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Mycosis Fungoides and the Sézary Syndrome Treatment (PDQ®)

Stages of Mycosis Fungoides and the Sézary Syndrome

After mycosis fungoides and the Sézary syndrome have been diagnosed, tests are done to find out if cancer cells have spread from the skin to other parts of the body.

The process used to find out if cancer has spread from the skin to other parts of the body is called staging. The information gathered from the staging process determines the stage of the disease. It is important to know the stage in order to plan treatment.

The following procedures may be used in the staging process:

  • Chest x-ray : An x-ray of the organs and bones inside the chest. An x-ray is a type of energy beam that can go through the body and onto film, making a picture of areas inside the body.
  • CT scan (CAT scan): A procedure that makes a series of detailed pictures of areas inside the body, such as the lymph nodes, chest, abdomen, and pelvis, taken from different angles. The pictures are made by a computer linked to an x-ray machine. A dye may be injected into a vein or swallowed to help the organs or tissues show up more clearly. This procedure is also called computed tomography, computerized tomography, or computerized axial tomography.
  • PET scan (positron emission tomography scan): A procedure to find malignant tumor cells in the body. A small amount of radioactive glucose (sugar) is injected into a vein. The PET scanner rotates around the body and makes a picture of where glucose is being used in the body. Malignant tumor cells show up brighter in the picture because they are more active and take up more glucose than normal cells do.
  • Lymph node biopsy : The removal of all or part of a lymph node. A pathologist views the tissue under a microscope to look for cancer cells.
  • Bone marrow aspiration and biopsy : The removal of bone marrow and a small piece of bone by inserting a hollow needle into the hipbone or breastbone. A pathologist views the bone marrow and bone under a microscope to look for signs of cancer.

There are three ways that cancer spreads in the body.

Cancer can spread through tissue, the lymph system, and the blood:

  • Tissue. The cancer spreads from where it began by growing into nearby areas.
  • Lymph system. The cancer spreads from where it began by getting into the lymph system. The cancer travels through the lymph vessels to other parts of the body.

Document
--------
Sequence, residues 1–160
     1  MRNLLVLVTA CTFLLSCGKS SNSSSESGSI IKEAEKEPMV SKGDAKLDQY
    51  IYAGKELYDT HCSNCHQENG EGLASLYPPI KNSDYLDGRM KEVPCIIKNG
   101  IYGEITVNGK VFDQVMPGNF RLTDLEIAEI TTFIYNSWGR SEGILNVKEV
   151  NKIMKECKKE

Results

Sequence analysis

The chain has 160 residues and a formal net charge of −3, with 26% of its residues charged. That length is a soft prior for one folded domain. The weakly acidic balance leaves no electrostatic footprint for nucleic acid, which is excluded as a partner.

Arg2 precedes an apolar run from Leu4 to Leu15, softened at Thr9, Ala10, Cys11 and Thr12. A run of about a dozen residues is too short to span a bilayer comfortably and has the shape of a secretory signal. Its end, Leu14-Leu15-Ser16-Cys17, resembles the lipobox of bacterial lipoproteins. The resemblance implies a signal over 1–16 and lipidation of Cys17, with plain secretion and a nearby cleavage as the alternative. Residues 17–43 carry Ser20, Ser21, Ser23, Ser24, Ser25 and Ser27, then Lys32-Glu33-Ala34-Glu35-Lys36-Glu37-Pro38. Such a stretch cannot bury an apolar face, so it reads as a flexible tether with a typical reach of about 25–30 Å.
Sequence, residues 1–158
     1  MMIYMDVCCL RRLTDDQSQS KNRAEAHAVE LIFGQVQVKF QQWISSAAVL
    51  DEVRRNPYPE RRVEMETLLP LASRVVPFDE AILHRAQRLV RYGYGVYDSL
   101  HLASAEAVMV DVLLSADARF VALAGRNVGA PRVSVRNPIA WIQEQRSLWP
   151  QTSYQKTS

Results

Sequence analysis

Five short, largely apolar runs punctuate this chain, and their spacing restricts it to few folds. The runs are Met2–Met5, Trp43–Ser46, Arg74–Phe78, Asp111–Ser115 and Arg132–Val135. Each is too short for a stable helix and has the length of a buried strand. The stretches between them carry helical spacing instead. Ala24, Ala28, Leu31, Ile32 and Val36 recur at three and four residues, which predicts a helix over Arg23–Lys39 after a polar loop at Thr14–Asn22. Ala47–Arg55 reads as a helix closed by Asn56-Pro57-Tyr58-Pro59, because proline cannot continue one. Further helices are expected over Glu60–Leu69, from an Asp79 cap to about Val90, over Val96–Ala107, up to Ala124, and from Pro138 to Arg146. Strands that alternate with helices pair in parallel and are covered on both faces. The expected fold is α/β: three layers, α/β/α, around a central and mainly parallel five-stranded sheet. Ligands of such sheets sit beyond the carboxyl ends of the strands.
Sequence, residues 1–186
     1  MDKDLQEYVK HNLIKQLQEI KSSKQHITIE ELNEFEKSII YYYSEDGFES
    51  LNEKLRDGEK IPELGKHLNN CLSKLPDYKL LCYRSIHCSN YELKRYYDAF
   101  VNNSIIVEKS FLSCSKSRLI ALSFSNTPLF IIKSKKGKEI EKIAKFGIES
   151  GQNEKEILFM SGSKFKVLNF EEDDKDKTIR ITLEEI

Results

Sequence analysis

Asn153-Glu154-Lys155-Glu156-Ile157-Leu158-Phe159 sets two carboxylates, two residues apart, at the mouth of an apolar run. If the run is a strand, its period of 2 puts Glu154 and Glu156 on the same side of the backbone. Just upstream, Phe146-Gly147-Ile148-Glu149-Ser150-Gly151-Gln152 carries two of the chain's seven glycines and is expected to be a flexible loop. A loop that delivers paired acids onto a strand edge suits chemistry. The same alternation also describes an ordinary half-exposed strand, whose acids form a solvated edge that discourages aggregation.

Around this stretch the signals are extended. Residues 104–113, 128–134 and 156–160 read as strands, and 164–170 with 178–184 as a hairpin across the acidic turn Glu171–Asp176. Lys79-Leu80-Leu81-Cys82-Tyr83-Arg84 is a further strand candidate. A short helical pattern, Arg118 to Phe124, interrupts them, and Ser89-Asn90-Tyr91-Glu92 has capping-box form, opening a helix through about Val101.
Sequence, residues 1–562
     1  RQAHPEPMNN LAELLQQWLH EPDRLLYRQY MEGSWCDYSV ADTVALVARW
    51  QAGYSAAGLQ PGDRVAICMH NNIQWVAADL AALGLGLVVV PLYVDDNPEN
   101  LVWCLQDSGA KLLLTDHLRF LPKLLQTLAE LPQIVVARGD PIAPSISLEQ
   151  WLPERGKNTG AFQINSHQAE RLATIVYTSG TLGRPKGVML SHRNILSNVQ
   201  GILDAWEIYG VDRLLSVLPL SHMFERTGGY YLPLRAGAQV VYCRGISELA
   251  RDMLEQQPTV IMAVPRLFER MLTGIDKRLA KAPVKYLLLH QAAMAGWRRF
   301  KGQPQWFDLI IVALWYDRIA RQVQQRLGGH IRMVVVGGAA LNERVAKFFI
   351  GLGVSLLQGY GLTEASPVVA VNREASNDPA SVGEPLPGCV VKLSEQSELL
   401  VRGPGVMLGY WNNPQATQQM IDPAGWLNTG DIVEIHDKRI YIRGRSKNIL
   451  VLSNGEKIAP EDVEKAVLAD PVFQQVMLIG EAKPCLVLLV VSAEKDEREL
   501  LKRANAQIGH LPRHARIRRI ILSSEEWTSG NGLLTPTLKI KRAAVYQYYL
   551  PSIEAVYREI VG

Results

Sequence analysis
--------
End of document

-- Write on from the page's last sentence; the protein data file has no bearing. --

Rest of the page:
• Blood. The cancer spreads from where it began by getting into the blood. The cancer travels through the blood vessels to other parts of the body.

Cancer may spread from where it began to other parts of the body.

When cancer spreads to another part of the body, it is called metastasis. Cancer cells break away from where they began (the primary tumor) and travel through the lymph system or blood.

  • Lymph system. The cancer gets into the lymph system, travels through the lymph vessels, and forms a tumor (metastatic tumor) in another part of the body.
  • Blood. The cancer gets into the blood, travels through the blood vessels, and forms a tumor (metastatic tumor) in another part of the body.

The metastatic tumor is the same type of cancer as the primary tumor. For example, if mycosis fungoides spreads to the liver, the cancer cells in the liver are actually mycosis fungoides cells. The disease is metastatic mycosis fungoides, not liver cancer.

The following stages are used for mycosis fungoides and the Sézary syndrome:

Stage I Mycosis Fungoides

Stage I is divided into stage IA and stage IB as follows:

There may be abnormal lymphocytes in the blood but they are not cancerous.

Stage II Mycosis Fungoides

Stage II is divided into stage IIA and stage IIB as follows:

There may be abnormal lymphocytes in the blood but they are not cancerous.

Stage III Mycosis Fungoides

In stage III, nearly all of the skin is reddened and may have patches, papules, plaques, or tumors. Lymph nodes may be enlarged but cancer has not spread to them.

There may be abnormal lymphocytes in the blood but they are not cancerous.

Stage IV Mycosis Fungoides

Stage IV is divided into stage IVA and stage IVB as follows:

Stage IV Sézary Syndrome

In stage IV:

  • Updated: November 11, 2014